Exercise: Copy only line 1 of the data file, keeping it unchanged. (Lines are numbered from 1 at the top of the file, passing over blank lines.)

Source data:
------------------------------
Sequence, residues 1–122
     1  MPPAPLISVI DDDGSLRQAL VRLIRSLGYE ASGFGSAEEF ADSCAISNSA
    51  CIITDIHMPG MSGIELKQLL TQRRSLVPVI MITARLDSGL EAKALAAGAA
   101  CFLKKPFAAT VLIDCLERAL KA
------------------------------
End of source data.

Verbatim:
Sequence, residues 1–122